Another month, another climb up the ladder.
Far below lies Wishetwurra Farm, increasingly shaded, as the sun flees south, falling lower each day.
We’ve not yet had frost. Average Martha’s Vineyard first frost is the third week of October. Our location on the side of a hill means that we frost later than the folks in the flatlands below us.
Wishetwurra Farm is a tired fall garden, in the process of being cleaned up and put to bed for the winter.
Here’s a ground-level view of those oats.
By the greenhouse door, the just-cleaned “root cellar” waits to be filled with carrots.
The carrots will be pulled, tops snapped off, and bedded in sand.
After the carrots come out, the soil in the beds will be lightly stirred, raked smooth, and the garlic will be planted, manured, and heavily mulched with seaweed.
View down the middle.
Marigolds hold on until the very last…
And those peas?
We planted the peas a couple of weeks too late.
They’ve been blooming nicely.
And trying to form pods.
But the days are now too short, the weather too cool, for there to be much of a crop. We planted these in mid-August. We should have put them in around the first of that month. We didn’t remember to. Who can think of pease in the midst of full, hot summer?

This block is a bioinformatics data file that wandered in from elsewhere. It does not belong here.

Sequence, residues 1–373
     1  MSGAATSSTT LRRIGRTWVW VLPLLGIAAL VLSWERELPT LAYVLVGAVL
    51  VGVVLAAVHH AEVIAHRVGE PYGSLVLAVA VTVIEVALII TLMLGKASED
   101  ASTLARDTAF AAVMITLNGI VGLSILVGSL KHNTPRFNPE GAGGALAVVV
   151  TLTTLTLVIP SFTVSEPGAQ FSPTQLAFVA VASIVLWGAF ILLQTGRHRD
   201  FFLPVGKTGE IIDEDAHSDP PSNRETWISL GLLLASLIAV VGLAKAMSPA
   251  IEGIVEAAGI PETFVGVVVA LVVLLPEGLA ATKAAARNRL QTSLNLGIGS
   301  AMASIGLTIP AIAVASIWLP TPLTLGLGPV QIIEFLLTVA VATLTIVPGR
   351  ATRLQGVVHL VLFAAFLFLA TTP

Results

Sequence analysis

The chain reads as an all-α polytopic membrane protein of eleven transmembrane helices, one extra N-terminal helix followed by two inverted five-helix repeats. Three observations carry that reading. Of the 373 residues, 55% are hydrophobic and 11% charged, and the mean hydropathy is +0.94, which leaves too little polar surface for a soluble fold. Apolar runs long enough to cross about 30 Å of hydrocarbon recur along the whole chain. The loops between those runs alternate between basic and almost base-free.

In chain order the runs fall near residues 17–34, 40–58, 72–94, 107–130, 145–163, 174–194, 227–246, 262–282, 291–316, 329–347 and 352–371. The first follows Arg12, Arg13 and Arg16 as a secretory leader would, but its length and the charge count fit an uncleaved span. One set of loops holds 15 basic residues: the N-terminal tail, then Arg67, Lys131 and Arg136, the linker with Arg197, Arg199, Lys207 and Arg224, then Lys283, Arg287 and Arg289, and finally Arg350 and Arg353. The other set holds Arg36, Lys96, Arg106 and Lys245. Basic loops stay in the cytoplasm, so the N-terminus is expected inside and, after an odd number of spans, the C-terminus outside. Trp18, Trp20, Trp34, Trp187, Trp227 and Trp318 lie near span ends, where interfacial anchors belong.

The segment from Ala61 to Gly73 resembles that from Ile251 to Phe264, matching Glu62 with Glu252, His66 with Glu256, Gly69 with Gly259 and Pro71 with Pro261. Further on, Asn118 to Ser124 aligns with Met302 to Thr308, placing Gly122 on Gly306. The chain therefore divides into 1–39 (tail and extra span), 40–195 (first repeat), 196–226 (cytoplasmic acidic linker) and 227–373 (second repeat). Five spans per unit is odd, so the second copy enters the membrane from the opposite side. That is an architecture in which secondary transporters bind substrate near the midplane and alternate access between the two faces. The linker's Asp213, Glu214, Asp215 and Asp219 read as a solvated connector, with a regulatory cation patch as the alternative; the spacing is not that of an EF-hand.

Oh well. The pease have put nitrogen in the soil, and the tops will keep winter rains from washing dirt away. There is no loss without gain.
The celeriac is busy getting ready for the “Ugly Vegetable” contest.
In the middle of the summer we chanced on some daikon radish seed.
The final overview, to the South…
Here we see more tired garden.
And a bright red trug.
A traditional trug is an English creation, a shallow basket of wooden slats, with a handle. The old-fashioned version can still be found, but modern variations are made. In Maine they make them with cedar ends and wire mesh bodies. We saw local landscapers using these bright plastic ones, and decided to get a couple, to see if they’ll stand up to the neglect and abuse we give to our tools. So far so good.
Back on earth, peeking through tired leaves, gleams another red, the red of a “Costoluto Genovese” tomato.
Thanks for visiting, and for coming on the tour.